Well, Thomas the imposter, he lived a lie, but it mattered not ‘cos that was his way.

From 1978, by a “supergroup” of sorts. 


Articles Origin: Well, Thomas the imposter, he lived a lie, but it mattered not ‘cos that was his way.


Loomis – How Much is Too Much (1999, Sun, Sea, Sky)

This one is a tad belated.  Make that eight years belated.  Then again, demand for Loomis has been limited as best, even when they were active in the mid/late ’90s.  I’m following up on an entry I did for them in 2009 for the first and only proper album, You’re No Tiger, Meow, Meow, Meow which dates back to 1996.  Back in the day, those who took notice of these Madison, WI gents were treated to the quartet’s sobering, but muscular brand of thoughtful indie rock, that really did bring the rock on most occasions.  Well, in addition to that seemingly “lone” LP was this exhaustive 34 song compendium of singles and mostly unreleased material, damn near three albums worth to be exact.  The brief sleeve notes fail to provide recording dates, but it’s safe to say that some of their earliest recordings are situated at the beginning of disk two.  Loomis apparently began life as pop-punk aficionados, and during this phase of their tenure, they came up with raw, Husker Du and Doughboys informed assaults like “Boxspring,” “Spoke” and “Beige.”

In my earlier piece on Loomis, I observed sonic similarities to their Chapel Hill, NC contemporaries Small 23.  That same observations applies to much of the remainder of How Much…, but these guys tinged the brunt of their handiwork with bittersweet inflections, stopping far shy of gloomy or maudlin.  It’s a formula that worked well to their advantage on the relatively subdued “Twinkle Toes” and “Liberace.”  Regardless of what mode the band chose to revel in, the real beauty of How Much is Too Much, is the sheer quantity and quality of material offered.  Before you make room for this on your hard drive, you can sample all of it on Bandcamp (who for some reason aren’t offering HMITM as a download).  If you’re brand new to these guys, do check out the aforementioned You’re No Tiger… LP as well.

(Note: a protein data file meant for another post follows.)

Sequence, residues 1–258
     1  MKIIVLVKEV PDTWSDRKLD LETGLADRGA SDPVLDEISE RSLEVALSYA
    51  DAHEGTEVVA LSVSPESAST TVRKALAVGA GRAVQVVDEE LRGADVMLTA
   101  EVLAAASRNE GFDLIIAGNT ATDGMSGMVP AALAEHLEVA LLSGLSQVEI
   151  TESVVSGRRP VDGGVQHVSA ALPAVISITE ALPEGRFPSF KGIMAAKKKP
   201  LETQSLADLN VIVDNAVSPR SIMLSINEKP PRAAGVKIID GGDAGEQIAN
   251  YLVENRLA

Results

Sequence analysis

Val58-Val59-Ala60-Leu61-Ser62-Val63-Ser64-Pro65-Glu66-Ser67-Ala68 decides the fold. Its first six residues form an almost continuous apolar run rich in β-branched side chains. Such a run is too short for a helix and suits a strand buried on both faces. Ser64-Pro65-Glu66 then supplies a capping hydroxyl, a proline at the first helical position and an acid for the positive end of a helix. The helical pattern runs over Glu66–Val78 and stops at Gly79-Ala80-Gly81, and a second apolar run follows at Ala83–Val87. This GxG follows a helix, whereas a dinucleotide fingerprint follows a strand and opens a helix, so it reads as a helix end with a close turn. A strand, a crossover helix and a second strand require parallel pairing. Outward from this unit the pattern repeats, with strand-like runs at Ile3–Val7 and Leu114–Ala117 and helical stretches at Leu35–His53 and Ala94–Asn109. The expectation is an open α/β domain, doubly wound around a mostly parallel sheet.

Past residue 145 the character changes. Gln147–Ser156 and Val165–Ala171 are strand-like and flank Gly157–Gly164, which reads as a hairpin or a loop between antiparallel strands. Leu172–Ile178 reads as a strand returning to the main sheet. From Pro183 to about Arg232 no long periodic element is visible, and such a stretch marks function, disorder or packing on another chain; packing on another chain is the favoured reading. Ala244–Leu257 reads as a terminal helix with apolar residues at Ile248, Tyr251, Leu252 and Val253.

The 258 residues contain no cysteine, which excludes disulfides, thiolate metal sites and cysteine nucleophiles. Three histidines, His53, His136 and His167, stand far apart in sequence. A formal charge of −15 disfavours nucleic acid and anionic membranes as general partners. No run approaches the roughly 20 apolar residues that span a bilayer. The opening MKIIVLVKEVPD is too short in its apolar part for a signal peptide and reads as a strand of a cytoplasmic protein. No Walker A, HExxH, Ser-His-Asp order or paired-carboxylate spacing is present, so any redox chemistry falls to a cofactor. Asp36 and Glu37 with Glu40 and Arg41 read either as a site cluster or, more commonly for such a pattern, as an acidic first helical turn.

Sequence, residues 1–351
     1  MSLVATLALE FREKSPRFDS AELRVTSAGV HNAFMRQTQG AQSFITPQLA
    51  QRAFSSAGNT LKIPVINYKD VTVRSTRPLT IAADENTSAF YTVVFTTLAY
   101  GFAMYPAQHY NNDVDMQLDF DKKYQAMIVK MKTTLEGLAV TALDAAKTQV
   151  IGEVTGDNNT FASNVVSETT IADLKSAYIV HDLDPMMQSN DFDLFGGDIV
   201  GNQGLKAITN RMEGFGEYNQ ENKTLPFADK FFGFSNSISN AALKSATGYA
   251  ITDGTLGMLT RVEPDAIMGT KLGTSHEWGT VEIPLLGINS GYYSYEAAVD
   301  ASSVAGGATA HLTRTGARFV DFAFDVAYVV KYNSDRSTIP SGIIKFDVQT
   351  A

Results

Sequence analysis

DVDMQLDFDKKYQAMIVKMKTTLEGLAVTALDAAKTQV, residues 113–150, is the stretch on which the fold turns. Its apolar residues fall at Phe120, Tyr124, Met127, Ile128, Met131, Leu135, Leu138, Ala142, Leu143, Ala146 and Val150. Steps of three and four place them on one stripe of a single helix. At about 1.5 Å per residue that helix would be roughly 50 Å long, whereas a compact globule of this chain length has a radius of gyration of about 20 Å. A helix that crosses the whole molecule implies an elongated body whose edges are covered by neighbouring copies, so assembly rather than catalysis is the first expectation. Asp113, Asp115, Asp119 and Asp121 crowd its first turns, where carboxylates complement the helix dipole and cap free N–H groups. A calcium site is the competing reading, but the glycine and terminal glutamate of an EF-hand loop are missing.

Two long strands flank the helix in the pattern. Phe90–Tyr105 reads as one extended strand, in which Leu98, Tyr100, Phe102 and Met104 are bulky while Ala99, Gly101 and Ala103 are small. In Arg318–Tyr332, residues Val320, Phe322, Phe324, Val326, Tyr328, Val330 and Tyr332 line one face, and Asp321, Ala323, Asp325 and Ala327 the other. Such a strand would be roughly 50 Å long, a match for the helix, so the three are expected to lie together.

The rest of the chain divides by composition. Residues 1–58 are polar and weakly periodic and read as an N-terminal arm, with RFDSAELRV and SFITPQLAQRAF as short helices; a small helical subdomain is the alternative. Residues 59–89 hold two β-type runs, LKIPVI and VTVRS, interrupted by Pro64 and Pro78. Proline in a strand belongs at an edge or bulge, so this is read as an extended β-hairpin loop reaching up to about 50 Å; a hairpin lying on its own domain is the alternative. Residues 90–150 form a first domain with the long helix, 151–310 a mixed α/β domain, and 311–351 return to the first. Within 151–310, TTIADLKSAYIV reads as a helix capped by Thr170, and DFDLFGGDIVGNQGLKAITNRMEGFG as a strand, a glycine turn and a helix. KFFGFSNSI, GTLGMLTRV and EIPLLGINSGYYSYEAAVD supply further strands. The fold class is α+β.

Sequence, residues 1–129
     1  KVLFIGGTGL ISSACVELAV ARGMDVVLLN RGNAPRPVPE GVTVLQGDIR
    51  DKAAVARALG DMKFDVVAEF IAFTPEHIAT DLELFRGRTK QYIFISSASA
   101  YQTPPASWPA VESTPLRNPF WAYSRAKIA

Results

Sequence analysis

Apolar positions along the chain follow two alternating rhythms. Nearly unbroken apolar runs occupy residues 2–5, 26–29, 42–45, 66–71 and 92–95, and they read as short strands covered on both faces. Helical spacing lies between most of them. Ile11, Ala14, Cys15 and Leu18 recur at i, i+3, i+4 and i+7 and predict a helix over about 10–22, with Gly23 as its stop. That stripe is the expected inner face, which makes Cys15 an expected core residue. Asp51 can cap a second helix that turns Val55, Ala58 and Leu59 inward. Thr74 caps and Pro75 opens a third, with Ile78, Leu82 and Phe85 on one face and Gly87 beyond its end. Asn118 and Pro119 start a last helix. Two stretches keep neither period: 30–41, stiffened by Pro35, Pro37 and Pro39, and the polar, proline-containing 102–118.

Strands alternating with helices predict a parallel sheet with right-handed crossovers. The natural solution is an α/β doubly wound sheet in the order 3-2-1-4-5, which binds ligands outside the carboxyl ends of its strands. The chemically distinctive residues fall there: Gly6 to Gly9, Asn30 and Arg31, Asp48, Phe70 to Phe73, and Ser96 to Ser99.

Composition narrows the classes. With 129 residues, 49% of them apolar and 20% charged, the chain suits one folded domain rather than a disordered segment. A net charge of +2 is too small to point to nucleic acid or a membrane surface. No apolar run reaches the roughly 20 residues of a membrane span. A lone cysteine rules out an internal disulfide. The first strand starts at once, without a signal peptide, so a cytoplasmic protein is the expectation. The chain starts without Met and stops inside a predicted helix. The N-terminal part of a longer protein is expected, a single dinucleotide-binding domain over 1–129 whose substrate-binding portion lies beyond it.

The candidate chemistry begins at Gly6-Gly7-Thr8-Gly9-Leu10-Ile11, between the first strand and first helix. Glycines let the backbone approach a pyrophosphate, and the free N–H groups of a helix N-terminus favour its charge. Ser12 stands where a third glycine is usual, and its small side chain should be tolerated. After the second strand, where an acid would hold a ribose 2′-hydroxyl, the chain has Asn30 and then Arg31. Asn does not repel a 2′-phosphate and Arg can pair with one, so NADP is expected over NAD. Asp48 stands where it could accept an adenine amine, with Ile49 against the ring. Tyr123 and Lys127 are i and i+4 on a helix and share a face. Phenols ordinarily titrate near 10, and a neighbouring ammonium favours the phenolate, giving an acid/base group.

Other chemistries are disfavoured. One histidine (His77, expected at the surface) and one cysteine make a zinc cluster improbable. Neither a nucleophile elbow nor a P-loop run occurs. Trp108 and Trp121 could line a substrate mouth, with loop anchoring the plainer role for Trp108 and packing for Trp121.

Disk 1
01. pillow
02. liberace
03. beige
04. two inches deep
05. down
06. elo
07. lunch tuck
08. paper mache
09. she moves like a lazy susan
10. home/a piece of resistence
11. secret asian man
12. when i move
13. win!
14. hookers
15. twinkle toes
16. butterbean
17. i’m a reader

Disk 2
01. girl of your choice
02. spoke
03. wait inside
04. chop suey
05. names and words
06. boxspring
07. rototiller
08. chunks
09. twerp
10. clerk
11. ballad of a handgun
12. untitled number one  
13. train
14. iriwn am
15. hi-tech swimpsuit
16. i don’t speak porpoise
17. untitled number two


Articles Origin: Loomis – How Much is Too Much (1999, Sun, Sea, Sky)

The Pterodactyls – We’ve Done it Now ep (1987, Meltdown)

I feel like a bit of a scavenger when I usurp a piece of music from, say, a file sharing platform, and share it without being in possession of a physical copy myself.  Then again, I’m usually getting it for free, and passing it along to you likewise, so maybe I’m just…blathering.  The Pterodactyls ep is a case in point, so I’d be remiss if I didn’t thank whomever went to the trouble of digitizing this utterly scarce record.  The tiny label responsible for it, Meltdown, was based in Palmerston North, on the northern island of New Zealand.

This clangy, post-punk quartet tracked their entire ep in one day in 1987 in Auckland.  It sounds like some degree of local cross-pollination was at hand here, and it wouldn’t be unwise to suspect the Pterodactyls may have been keen on the Bats and Tall Dwarfs, not to mention some other winged creatures on the Flying Nun roster.  It would have been really interesting to see where these lads might have taken things on subsequent releases, but I think this was their sole outing.  Brief as their catalog was, you’d be wise to console yourself with the poignantly melodic “Germs,” We’ve Done It Now’s should-have-been greatest hit.